Annotating Fairytales


We can’t all be princesses…

Someone has to clap

when I walk by.

Girl Two Doors Down



Among my favorite treasures is this photo of my daughter and her Disney equivalent in matching costumes, both dark haired and wide eyed, beaming broadly in recognition of a kindred princess. She wore her Snow White costume for much of the year she was four years old until it grayed and frayed around the edges. Fast forward fifteen years later, she begins to find that honoring her own needs isn’t always high on the agenda of a prospective Prince, so it might as well be on hers.

While Meghan Markle‘s dilemma has provided entertaining distraction from our prolonged and heavy real world concerns, it is high time we edit the fairytales we’ve innocently fed our daughters’ imaginations so that they might stand a better chance at the elusive “Happy Ever After” they have been told to expect after every grand wedding.

Food for thought for our young–and not too young–to consider:

Entitled women need not suffer royally. Fairytales have scientifically proven that the best brides for a prince are those used to being invisible slaving away at the hearth, grateful to wear rags and hand-me-downs, and have a knack for diplomacy around the varied temperaments of (s)even very short men or a couple of wicked stepsisters. Such brides never talk back at evil stepmothers or in-laws and would never dream of demanding that her prince make the heart-rending choice between her own happiness or that of his family.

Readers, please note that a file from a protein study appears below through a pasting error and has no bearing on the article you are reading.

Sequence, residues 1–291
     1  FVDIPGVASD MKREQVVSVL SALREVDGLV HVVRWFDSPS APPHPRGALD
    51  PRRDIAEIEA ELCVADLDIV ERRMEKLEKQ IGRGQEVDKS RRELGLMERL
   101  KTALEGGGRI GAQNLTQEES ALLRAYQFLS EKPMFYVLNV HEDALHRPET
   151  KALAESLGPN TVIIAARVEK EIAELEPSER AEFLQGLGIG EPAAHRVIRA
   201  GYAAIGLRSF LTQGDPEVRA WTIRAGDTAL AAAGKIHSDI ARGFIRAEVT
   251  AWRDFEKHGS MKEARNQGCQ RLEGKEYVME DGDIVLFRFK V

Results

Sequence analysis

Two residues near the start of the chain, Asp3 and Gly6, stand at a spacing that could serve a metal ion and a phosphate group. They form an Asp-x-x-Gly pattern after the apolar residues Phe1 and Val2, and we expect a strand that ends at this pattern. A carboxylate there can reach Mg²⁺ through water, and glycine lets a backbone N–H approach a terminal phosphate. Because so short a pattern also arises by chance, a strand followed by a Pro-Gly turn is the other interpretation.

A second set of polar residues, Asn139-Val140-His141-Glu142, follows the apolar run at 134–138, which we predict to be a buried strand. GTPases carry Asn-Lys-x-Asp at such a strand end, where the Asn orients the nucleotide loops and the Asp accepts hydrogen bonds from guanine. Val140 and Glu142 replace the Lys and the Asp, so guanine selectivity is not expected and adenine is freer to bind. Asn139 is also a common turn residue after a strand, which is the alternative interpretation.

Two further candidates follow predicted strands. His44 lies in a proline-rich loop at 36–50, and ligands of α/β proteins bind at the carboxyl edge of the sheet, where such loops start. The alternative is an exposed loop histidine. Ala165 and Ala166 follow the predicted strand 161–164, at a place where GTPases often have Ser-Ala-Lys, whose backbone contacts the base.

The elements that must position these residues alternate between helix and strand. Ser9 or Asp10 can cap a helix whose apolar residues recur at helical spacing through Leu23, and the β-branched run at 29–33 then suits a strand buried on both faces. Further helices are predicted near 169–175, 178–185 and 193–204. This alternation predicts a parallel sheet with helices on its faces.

Every parent wants their son/daughter to marry up. What sane parent–even those whose blood isn’t blue–will want less than the best for their own son/daughter? When a royal family concedes to an “unexpected” match, should we then assume that they will happily surrender all other stringent protocols and stifling roles that have governed everyone living under their palatial roof throughout history? Is there to be no price to pay for entry into that magical kingdom of fancy ballgowns and dress up parties?

No one is a victim. This is a tough sell with our culture firmly hooked up by (social) media onto the IV drip of glorifying victimhood as the surest way to more thumbs up and shares, fame and publicity, book publishing and movie deals. May we strive to be adults who: (1) take responsibility for our choices and acknowledge the quid pro quo in getting what we want; (2) embrace dark emotions as natural and necessary human experience, fertile ground for growing our own understanding, strength and resilience; (3) open our eyes to the fact that no matter how much we chafe at the injustice of reality, the caste system is alive and well even in first world nations–only made difficult to swallow under the egalitarian spell cast by democracy. Oprah herself covered this with her bookclub choice Caste: The Origins of Our Discontents by Isabel Wilkerson.

A true modern princess wields her power over social media responsibly, aware of the influence her example sets on young minds. Knowing the animals, prince, and system she has to live with, she seeks to bring together nations, using her understanding of the rules that govern the terrain to navigate her way with dignity, never pandering to other people’s pity nor glamorizing helplessness.

Click “Leave a Comment” (top left) to add your tips on how to keep feet squarely on the ground while making our dreams come true.